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A Journal on Pediatrics, Neonatology, Adolescent Medicine,
Child and Adolescent Psychiatry

Indexed/Abstracted in: CAB, EMBASE, PubMed/MEDLINE, Science Citation Index Expanded (SciSearch), Scopus
Impact Factor 0,532

Frequency: Bi-Monthly

ISSN 0026-4946

Online ISSN 1827-1715


Minerva Pediatrica 2014 Nov 19

Psychopathology, quality of life and risk factors in italian children and adolescents with recent onset epilepsy

Gatta M. 1, Balottin L. 2, Salmaso A. 1, Stucchi M. 1, De Carlo D.1, Guarneri E. 1, Mannarini S. 2, Vecchi M. 3, Boniver C. 3, Battistella P. A. 1

1 Unità Operativa Complessa di Neuropsichiatria dell’Infanzia e dell’Adolescenza, ULSS16 e Dipartimento di Salute della Donna e del Bambino, Università di Padova, Italia;
2 Sezione di Psicologia Applicata, Dipartimento di Filosofia, Sociologia, Pedagogia e Psicologia Applicata (FISPPA), Padova, Italia;
3 Unità Operativa Semplice di Neurofisiologia Pediatrica, Dipartimento di Salute della Donna e del Bambino, Università di Padova, Italia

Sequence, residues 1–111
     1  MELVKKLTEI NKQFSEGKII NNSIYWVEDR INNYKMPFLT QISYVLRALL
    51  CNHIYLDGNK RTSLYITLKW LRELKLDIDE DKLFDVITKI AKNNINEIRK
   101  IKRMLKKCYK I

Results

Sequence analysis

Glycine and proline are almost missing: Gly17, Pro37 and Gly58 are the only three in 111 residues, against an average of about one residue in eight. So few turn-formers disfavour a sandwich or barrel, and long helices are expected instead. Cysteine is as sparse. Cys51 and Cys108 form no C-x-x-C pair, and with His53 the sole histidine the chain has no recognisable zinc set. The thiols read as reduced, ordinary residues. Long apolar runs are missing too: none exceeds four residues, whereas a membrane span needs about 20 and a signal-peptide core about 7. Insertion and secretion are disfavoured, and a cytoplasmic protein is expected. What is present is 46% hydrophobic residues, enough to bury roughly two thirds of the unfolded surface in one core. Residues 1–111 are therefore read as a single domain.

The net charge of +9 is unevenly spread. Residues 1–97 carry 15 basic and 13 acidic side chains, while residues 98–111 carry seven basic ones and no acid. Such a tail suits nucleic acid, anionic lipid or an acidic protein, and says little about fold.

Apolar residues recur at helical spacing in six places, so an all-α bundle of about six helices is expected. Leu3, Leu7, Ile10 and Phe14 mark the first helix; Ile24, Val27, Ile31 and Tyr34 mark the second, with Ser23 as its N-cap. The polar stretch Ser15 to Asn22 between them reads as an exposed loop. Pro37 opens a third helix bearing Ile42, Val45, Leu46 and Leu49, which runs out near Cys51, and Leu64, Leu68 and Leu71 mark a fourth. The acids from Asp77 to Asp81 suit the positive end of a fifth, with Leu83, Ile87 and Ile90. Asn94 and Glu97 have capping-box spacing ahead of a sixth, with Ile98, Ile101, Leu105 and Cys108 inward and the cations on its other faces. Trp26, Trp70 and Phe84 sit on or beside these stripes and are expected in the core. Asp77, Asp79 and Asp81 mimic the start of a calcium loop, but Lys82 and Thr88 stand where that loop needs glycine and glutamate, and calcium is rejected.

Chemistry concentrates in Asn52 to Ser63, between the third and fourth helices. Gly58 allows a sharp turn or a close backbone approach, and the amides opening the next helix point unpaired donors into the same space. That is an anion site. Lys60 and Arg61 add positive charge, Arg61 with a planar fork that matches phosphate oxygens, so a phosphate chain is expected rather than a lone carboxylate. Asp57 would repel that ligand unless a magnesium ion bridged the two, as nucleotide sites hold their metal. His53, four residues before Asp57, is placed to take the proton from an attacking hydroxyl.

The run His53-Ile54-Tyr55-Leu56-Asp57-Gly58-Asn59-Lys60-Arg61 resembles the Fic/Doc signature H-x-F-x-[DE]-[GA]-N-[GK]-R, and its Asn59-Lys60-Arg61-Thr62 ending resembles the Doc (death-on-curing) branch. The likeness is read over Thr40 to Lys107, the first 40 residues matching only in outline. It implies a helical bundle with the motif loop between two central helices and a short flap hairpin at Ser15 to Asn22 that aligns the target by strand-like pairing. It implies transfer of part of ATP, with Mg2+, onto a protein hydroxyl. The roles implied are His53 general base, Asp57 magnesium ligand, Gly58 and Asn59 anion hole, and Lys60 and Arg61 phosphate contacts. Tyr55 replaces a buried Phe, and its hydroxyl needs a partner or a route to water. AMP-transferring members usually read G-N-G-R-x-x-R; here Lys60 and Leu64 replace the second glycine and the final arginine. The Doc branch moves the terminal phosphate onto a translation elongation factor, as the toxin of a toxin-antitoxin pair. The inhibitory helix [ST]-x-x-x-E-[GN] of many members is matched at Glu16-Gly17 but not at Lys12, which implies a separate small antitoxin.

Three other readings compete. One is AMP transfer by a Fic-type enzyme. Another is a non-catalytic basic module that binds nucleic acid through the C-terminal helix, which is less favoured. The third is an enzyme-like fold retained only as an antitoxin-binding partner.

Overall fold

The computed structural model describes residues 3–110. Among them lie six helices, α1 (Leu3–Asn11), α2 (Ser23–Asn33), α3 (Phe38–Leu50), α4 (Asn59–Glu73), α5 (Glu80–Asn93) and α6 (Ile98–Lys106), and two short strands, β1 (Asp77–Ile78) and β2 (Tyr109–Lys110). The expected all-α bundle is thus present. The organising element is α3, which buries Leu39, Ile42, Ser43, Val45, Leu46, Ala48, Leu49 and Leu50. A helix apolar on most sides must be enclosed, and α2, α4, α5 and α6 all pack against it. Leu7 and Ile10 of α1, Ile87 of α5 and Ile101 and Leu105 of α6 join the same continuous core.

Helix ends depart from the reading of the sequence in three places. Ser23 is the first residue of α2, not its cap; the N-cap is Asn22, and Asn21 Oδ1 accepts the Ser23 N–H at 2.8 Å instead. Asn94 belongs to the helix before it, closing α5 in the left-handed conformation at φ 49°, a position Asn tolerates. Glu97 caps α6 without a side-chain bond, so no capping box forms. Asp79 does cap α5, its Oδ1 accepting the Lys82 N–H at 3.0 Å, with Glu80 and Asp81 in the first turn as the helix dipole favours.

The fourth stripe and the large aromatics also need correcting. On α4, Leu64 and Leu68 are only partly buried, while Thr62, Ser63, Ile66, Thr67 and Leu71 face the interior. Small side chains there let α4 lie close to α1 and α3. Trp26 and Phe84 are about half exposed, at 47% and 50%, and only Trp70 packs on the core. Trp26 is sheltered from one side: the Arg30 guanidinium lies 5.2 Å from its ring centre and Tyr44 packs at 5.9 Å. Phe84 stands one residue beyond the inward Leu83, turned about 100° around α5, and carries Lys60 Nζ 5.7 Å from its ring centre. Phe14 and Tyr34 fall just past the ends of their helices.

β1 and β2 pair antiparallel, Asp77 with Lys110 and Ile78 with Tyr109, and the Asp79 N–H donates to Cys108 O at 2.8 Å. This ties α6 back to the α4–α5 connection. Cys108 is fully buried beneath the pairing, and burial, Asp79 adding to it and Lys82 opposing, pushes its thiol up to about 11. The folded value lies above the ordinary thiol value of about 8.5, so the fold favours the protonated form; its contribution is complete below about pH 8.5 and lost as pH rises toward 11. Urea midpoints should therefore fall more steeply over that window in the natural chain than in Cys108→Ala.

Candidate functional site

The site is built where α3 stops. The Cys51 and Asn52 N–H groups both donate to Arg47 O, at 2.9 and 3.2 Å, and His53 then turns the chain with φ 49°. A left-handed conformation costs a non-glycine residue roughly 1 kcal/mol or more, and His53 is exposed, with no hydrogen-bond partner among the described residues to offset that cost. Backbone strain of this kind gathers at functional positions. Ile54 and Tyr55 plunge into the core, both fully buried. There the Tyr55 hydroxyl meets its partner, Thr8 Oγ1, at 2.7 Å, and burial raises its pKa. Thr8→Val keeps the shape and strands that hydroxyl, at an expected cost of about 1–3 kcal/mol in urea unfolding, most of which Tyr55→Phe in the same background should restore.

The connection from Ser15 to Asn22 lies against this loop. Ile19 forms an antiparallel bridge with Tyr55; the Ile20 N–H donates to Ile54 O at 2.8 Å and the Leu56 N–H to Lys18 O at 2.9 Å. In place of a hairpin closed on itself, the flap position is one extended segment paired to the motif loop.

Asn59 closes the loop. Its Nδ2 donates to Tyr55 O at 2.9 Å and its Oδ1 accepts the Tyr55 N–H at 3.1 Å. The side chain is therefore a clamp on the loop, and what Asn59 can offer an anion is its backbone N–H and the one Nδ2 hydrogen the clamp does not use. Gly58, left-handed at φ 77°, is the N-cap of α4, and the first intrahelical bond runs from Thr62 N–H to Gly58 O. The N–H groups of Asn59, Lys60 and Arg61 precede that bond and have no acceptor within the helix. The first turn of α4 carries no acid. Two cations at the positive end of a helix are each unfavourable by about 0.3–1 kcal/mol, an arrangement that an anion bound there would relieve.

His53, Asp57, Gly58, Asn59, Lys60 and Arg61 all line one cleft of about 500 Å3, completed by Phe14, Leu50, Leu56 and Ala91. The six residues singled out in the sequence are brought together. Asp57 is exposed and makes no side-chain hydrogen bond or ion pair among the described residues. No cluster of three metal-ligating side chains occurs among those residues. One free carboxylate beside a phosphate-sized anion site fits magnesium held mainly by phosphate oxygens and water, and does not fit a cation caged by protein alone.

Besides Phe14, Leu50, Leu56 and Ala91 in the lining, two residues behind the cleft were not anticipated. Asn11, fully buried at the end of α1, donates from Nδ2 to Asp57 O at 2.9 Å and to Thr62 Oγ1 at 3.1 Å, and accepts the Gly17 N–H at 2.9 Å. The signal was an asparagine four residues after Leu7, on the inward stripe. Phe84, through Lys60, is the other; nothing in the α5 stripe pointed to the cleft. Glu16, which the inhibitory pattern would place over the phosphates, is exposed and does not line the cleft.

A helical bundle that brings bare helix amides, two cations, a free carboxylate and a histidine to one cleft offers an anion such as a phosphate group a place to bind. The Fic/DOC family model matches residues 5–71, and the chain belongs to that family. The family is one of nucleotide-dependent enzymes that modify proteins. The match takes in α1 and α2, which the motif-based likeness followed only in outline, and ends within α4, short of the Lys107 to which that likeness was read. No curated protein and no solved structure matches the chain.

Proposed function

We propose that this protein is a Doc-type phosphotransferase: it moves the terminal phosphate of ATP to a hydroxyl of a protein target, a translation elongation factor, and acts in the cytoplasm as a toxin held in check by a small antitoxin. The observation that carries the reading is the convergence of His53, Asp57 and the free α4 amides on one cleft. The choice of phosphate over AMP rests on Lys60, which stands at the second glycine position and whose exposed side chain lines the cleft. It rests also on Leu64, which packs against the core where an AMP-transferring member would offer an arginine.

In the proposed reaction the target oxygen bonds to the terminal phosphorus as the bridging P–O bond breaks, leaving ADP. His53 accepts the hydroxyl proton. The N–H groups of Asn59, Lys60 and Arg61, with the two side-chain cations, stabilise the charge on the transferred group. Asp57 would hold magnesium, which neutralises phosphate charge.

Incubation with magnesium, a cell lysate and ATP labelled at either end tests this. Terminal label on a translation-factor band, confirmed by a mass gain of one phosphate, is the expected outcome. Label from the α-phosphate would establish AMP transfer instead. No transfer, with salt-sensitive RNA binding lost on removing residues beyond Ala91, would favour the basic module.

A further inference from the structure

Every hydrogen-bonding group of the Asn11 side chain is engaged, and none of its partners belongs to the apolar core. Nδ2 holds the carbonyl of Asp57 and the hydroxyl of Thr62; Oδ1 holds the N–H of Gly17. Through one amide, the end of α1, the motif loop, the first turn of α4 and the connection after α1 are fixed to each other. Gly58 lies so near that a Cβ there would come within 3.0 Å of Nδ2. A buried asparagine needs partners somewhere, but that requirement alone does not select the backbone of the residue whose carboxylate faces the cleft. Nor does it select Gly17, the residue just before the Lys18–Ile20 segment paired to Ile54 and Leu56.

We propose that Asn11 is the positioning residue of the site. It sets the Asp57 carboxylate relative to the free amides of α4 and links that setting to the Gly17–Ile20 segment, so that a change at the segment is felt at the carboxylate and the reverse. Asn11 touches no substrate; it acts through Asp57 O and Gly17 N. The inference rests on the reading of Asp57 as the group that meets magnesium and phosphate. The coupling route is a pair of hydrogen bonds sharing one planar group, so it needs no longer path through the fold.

AIM: The aim of this study was to describe the distribution, timing, and risk factors for psychopathology and to further examine the quality of life in an Italian sample of children with recent onset epilepsy. Sociodemographic and psychosocial variables, family factors, as well as illness-­related factors themselves were examined in order to clarify the relationship among these variables, psychopathology and quality of life.
METHODS: For this purpose, 49 children and adolescents (4-­18 years), consecutively referred to a Neurophysiology Service, were evaluated by a multidisciplinary team using dimensional as well as categorical instruments both self-­administered (self-­report and proxy-­report) and interviewer administered.
RESULTS: 45% of the patients exhibited one or more Axis I disorders (DSM-­IV) when evaluated with K-­SADS-­PL interview. It’s worth noting that preadolescent and adolescent patients tend to underestimate their problems compared to their parents’opinion, when answering self-­administer questionnaires. Self-­reported quality of life appeared to be generally satisfactory. Social and family factor, as well as epilepsy related factors appeared to be linked both to the presence of psychopathology and to the quality of life. Patients affected by psychiatric disorders exhibited the poorest quality of life.
CONCLUSION: Also after many years from the onset, childhood epilepsy frequently fosters negative consequences in terms of social life, work, psychopathology and life expectancy. The ability of health services and public health measures to prevent and treat psychiatric comorbidity may have a pivotal role in enhancing patients’ quality of life.

language: English


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